"[...] this paper adopts a praxeological approach to translation by analysing documented standards across four Wikipedia language communities and the extent to which 16 experienced translators have assimilated them. The findings suggest that Wikipedia guidelines on translation have slight but tangible differences across the communities under investigation. Moreover, the interview data showed a tendency among participants to attach more importance to cross-wiki editing policies than to any local translation guidelines."


"Edit volume in the English Wikipedia increased during COVID-19 mobility restrictions" (figure from the paper)

"Volunteer contributions to Wikipedia increased during COVID-19 mobility restrictions"[edit]

From the abstract:[4]

"When the COVID-19 pandemic broke out and mobility restrictions ensued across the globe, it was unclear whether contributions to Wikipedia would decrease in the face of the pandemic, or whether volunteers would withstand the added stress and increase their contributions to accommodate the growing readership uncovered in recent studies. We analyze 223 million edits contributed from 2018 to 2020 across twelve Wikipedia language editions and find that Wikipedia’s global volunteer community responded resiliently to the pandemic, substantially increasing both productivity and the number of newcomers who joined the community. For example, contributions to the English Wikipedia increased by over 20% compared to the expectation derived from pre-pandemic data."


Intercultural survey on what motivates Wikipedia editors[edit]

From the English abstract:[5]

"Wikipedians [...] consolidate personal resources to manage comprehensive aggregation of free knowledge. [...] the question of the driving forces of this prosocial behaviour is still open. [...] we conducted a content analysis of a transnational survey. The recipients were 65 authors of multilingual Wikipedia segments (83% males and 17% females) with average experience of 9.9 years compilation of encyclopedic articles.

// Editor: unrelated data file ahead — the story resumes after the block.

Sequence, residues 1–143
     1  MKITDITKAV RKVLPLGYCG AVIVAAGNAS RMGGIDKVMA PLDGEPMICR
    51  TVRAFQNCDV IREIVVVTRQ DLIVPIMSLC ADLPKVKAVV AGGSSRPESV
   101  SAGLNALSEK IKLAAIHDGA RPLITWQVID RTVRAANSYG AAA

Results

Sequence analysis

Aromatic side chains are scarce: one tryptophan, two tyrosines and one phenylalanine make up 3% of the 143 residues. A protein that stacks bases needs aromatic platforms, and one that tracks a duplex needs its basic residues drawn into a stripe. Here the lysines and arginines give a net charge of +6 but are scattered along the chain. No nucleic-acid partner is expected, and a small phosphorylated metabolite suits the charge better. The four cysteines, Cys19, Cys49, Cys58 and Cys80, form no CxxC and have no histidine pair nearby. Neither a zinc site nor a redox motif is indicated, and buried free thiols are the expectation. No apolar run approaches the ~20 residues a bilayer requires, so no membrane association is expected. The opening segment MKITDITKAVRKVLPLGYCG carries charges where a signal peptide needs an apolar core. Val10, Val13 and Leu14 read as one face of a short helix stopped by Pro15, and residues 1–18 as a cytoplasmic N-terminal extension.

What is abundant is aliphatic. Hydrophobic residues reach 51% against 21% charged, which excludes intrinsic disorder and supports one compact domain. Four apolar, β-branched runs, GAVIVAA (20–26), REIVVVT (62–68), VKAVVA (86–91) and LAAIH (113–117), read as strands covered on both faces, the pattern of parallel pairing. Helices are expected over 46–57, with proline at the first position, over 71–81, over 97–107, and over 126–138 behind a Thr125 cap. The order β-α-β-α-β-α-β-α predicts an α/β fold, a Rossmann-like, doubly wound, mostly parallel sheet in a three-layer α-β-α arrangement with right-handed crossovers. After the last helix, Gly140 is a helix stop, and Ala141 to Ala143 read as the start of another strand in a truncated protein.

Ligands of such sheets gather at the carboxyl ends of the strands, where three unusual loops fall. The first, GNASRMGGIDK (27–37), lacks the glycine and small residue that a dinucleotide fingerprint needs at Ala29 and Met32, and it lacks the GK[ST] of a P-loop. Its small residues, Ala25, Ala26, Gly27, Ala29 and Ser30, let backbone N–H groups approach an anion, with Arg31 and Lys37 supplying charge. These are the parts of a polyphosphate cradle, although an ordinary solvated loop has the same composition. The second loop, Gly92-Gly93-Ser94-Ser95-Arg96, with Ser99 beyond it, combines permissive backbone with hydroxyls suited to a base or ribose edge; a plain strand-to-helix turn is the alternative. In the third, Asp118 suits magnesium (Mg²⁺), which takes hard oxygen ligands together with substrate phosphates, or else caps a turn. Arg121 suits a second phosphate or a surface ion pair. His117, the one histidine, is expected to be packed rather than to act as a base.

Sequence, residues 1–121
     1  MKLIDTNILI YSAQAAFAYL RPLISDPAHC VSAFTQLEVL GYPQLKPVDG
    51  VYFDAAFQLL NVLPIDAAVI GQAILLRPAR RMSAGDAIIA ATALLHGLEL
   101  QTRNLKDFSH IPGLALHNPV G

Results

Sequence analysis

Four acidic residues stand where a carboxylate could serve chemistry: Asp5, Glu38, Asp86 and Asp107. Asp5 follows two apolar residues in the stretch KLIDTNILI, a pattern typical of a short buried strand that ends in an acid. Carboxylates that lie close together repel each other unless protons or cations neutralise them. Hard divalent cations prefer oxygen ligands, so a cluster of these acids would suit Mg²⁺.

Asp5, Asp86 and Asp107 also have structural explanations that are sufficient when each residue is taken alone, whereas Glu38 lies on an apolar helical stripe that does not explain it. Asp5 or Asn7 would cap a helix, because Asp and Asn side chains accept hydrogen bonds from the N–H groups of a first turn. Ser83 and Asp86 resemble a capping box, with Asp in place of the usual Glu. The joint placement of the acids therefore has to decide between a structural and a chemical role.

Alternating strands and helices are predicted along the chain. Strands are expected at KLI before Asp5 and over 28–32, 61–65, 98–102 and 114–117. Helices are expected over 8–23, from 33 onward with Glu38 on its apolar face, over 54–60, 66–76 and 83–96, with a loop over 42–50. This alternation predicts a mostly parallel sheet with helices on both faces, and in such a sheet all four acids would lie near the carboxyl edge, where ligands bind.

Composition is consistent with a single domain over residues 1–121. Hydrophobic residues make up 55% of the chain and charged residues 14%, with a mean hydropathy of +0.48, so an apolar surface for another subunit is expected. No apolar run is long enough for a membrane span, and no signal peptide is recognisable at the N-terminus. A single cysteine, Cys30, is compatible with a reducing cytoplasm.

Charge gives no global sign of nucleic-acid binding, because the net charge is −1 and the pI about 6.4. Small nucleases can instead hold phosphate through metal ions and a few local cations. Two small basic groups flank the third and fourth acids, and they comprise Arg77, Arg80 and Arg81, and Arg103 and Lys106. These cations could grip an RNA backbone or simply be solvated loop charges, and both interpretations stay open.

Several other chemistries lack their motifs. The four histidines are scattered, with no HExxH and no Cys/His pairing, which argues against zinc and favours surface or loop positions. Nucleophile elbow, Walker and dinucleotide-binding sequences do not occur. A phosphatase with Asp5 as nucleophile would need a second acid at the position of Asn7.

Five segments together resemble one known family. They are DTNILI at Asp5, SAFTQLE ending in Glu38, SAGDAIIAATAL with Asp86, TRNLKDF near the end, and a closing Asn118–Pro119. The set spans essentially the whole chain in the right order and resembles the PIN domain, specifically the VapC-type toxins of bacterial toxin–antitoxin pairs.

Results. [... In] most cases Wikipedians find a number of personal significant reasons for participating in the Wikipedia, the reasons resonating with their inner essence.

Conclusion. The internal value orientations of Wikipedians include: self-development (self-improvement, self-assertion, self-realization); reciprocal (mutual) altruism; a tendency to high quality and systematization of knowledge; a pleasure of creation; autonomy; recreation (hobby, entertainment); meaningfulness; preservation of personal heritage. The external value orientations include: preservation and development of the cultural heritage / language segment; promotion and popularization of Wikipedia (its ideology and principles); low transaction costs and convenience (attractiveness) of the system; affiliation; social identity; improvement peace («Weltverbesserungs Antrieb»); building bridges between cultures and languages."


References[edit]

  1. Hwang, Sohyeon; Shaw, Aaron (2022-05-31). "Rules and Rule-Making in the Five Largest Wikipedias". Proceedings of the International AAAI Conference on Web and Social Media 16: 347–357. ISSN 2334-0770. 
  2. Rijshouwer, Emiel; Uitermark, Justus; de Koster, Willem (2021-10-28). "Wikipedia: a self-organizing bureaucracy". Information, Communication & Society: 1–18. ISSN 1369-118X. doi:10.1080/1369118X.2021.1994633. 
  3. Góngora-Goloubintseff, José Gustavo (2022-02-24). "Assessing the impact of translation guidelines in Wikipedia: A praxeological approach to the study of documented standards across four language communities". doi:10.1075/ts.21028.gon.  Closed access manuscript draft
  4. Ruprechter, Thorsten; Horta Ribeiro, Manoel; Santos, Tiago; Lemmerich, Florian; Strohmaier, Markus; West, Robert; Helic, Denis (2021-11-02). "Volunteer contributions to Wikipedia increased during COVID-19 mobility restrictions". Scientific Reports 11 (1): 21505. Bibcode:2021NatSR..1121505R. ISSN 2045-2322. PMC 8563865. PMID 34728670. arXiv:2102.10090. doi:10.1038/s41598-021-00789-3. 
  5. E.A., Bryzgalin (2020). "Intercultural analysis of value orientations of Wikipedia authors" (PDF). National Psychological Journal 13 (1): 3–17. ISSN 2079-6617. doi:10.11621/npj.2020.0101.  (in Russian, with English abstract and tables)


Wikimedia Research Newsletter
Vol: 12 • Issue: 06 • July 2022